My chair is height adjustable (and seat/backrest too) so I can get to comfort level.

I sit to work at the bench. Height needs to be appropriate for your leg length in a sitting position so they aren't dangling off the ground or up my your neck and you want your arms bent at a reasonable work position. I'm 1.8m and the numbers above work for me and my leg/torso height ratio. As another poster mentioned further up this thread, you need to measure your own body and determine what is comfortable to you.

cheers,
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Offline KL27x

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Re: Ideal bench height
« Reply #19 on: November 29, 2015, 07:33:51 pm »
Depending on your leg:torso ratio, you may have more or less luck being able to comfortably work both standing and sitting at the same bench. Soldering, in particular, can be hard to do when you're far away from the action.

For soldering while standing, I would go maybe all the way up to the elbow. Depends what kind of magnification you will use, if any. And if you're working on bare pcb's or the innards of something bigger. That will be quite tall.



« Last Edit: November 29, 2015, 08:06:31 pm by KL27x »
 

Offline G0HZU

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Re: Ideal bench height
« Reply #20 on: November 29, 2015, 08:04:45 pm »
I went round and round about this myself when building work/lab benches long ago.

I'm 6'-1"

Standing workbench = 39"
Lab sitting bench = 29.5"

Same here. I'm about 5' 11' and my homemade workbench is at 38" and my work desks are all at 28". The workbench height is a compromise for standing and sitting.

At work the desks are the same but the standard workbench height is fixed at only about 33-34" across the company.
Some (taller) people at work made threaded stands for the benches and desks to boost them up a few inches.
 

Offline KL27x

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Re: Ideal bench height
« Reply #21 on: November 29, 2015, 08:15:35 pm »
Quote
I'm 6'-1"

Standing workbench = 39"

I guess it depends on what kind of work OP expects to do while standing. I don't think most people solder while standing at their bench.

I'm 6'0, and I would not like to do any soldering at my 42" bench while standing. It would be rather low. I would have to lean over on my elbows to see anything. OTOH, it's a little high for using a plane. So it just depends.

My main bench comes to my wrist when standing, to 36". It's slightly high when sitting, maybe two inches, because I like to stand to do other things. But I use a microscope or magnifying lamp while sitting in a regular office chair to solder, no problem. If my standing bench were that tall, respectively, it would be over 50" high. Sub 2", and 48" would be fairly ideal for soldering to me.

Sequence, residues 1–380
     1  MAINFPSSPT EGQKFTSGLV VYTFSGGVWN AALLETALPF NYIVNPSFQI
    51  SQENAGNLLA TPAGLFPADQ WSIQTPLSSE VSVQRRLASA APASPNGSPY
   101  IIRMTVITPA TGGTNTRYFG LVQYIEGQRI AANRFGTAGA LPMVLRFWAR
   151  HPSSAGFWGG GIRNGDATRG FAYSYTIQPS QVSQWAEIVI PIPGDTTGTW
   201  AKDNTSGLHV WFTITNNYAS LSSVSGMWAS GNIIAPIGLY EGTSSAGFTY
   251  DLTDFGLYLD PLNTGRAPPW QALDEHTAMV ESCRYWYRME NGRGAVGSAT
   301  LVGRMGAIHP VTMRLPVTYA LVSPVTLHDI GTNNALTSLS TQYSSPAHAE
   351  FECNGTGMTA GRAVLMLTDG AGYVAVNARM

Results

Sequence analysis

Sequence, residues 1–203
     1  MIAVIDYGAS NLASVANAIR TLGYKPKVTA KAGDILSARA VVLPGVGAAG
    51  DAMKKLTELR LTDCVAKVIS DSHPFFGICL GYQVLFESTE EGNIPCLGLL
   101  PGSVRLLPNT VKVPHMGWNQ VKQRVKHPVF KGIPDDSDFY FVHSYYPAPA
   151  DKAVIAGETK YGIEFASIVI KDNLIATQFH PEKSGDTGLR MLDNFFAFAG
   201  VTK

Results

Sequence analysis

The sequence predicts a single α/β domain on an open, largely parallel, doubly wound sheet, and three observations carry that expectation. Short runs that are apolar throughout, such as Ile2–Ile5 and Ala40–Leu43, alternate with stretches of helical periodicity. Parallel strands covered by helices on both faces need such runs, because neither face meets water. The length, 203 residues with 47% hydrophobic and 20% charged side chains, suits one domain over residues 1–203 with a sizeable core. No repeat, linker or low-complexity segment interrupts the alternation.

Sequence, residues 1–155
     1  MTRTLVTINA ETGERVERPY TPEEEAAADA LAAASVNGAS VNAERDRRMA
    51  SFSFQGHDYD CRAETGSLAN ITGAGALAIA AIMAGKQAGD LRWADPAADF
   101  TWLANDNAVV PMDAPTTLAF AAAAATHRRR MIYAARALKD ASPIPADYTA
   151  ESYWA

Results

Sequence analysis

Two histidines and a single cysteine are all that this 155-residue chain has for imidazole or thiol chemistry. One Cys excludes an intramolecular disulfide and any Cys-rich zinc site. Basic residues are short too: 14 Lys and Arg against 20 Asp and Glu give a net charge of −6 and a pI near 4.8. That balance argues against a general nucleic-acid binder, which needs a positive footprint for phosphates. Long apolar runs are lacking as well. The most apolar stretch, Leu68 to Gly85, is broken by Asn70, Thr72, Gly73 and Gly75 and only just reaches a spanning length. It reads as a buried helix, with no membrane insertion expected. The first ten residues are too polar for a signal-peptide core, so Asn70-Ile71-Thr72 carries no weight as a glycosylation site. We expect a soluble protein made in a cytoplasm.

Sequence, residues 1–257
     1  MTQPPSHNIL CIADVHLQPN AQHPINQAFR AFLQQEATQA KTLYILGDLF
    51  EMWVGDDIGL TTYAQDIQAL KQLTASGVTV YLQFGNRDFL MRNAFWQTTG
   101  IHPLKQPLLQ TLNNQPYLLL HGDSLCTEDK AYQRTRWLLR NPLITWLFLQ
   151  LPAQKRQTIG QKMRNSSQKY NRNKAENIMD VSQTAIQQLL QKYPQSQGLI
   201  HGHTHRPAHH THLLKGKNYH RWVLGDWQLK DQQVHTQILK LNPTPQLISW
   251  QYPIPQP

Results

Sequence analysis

I think ideally, you will probably want to be sitting when soldering, because you don't want your bench to be that tall where you can't even use the back of it or reach across it to your test equipment.


 
« Last Edit: November 29, 2015, 08:31:35 pm by KL27x »
 

Offline tooki

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Re: Ideal bench height
« Reply #22 on: November 30, 2015, 03:36:55 pm »
Hi all,

I want to build myself a bench to do mainly standing work at and trying to find a recommendation for the ideal height for this. I may optionally want to sit at this so I will need to find a suitable seat to do so. My computer chair would be far too low but I need to get the work height sorted first.

I am 1.7M in height and I have a worktop in my kitchen that is 1.9M and this would seem to be about right so what heights have you set your benches at for comfortable use?
I'm also 170cm tall and find that many desks are too high for me when seated. I've now got an adjustable desk, and it's awesome. I usually use it at 65cm when seated to type, 100cm when standing to type (2cm thick wrist rest), and then for electronics work, I move it up and down as needed for the work at hand.

I posted about it here: https://www.eevblog.com/forum/reviews/new-lab-new-desk/msg791509/#msg791509
« Last Edit: November 30, 2015, 05:25:49 pm by tooki »
 

Offline Berni

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Re: Ideal bench height
« Reply #23 on: November 30, 2015, 07:32:52 pm »
I'm also 170cm tall and find that many desks are too high for me when seated. I've now got an adjustable desk, and it's awesome. I usually use it at 65cm when seated to type, 100cm when standing to type (2cm thick wrist rest), and then for electronics work, I move it up and down as needed for the work at hand.

I posted about it here: https://www.eevblog.com/forum/reviews/new-lab-new-desk/msg791509/#msg791509

I quite like that mini drawer shelf thing. I need to get something similar for the heap of various probes and similar accessories i keep around close by.
 

Offline bson

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Re: Ideal bench height
« Reply #24 on: November 30, 2015, 08:22:30 pm »
Here's what I use:

http://www.amazon.com/BenchPro-RE3672-Roosevelt-Laminate-Capacity/dp/B0041HF9EA/ref=sr_1_2?s=industrial&ie=UTF8&qid=1448914095&sr=1-2&keywords=benchpro+workbench

Steel frame and conductive foil on the underside - both grounded.  An ESD mat on top plus a steel riser for instruments, also grounded.  Mounted to the underside is a long power strip that's plugged into an AC conditioner, a Trimble Thunderbolt, and a wrist strap socket.  Anything that needs clean AC goes into that strip, wall warts and filthy AC noise sources or things that don't care (like soldering tools) go into a strip on the floor on the other side of the line choke.

I'm not sure height is important when seated since I have an adjustable chair.  But I think I built it to 34".  Computer stuff is on a separate desk (some Ikea cheap thing) and I run ethernet to an ICS8065 GPIB controller.  On the wall behind the desk I've mounted a headless Intel NUC whose job is to do data collection and run Lady Heather (under Wine on Linux).  All it has is a virtual frame buffer for vnc (purely for LH) and most of what I do is with python remotely over ssh to it.  Since the GPIB controller is networked I can test things out on a different computer (I normally use a MacBook Pro), check it into git when it works, then git pull it on the NUC and run it there under screen.

What can I say.  Works great.  In particular the depth (34") is nice since it permits stacking instruments while retaining plenty of work space.  A steel riser keeps the stacking under control.
« Last Edit: November 30, 2015, 08:26:02 pm by bson »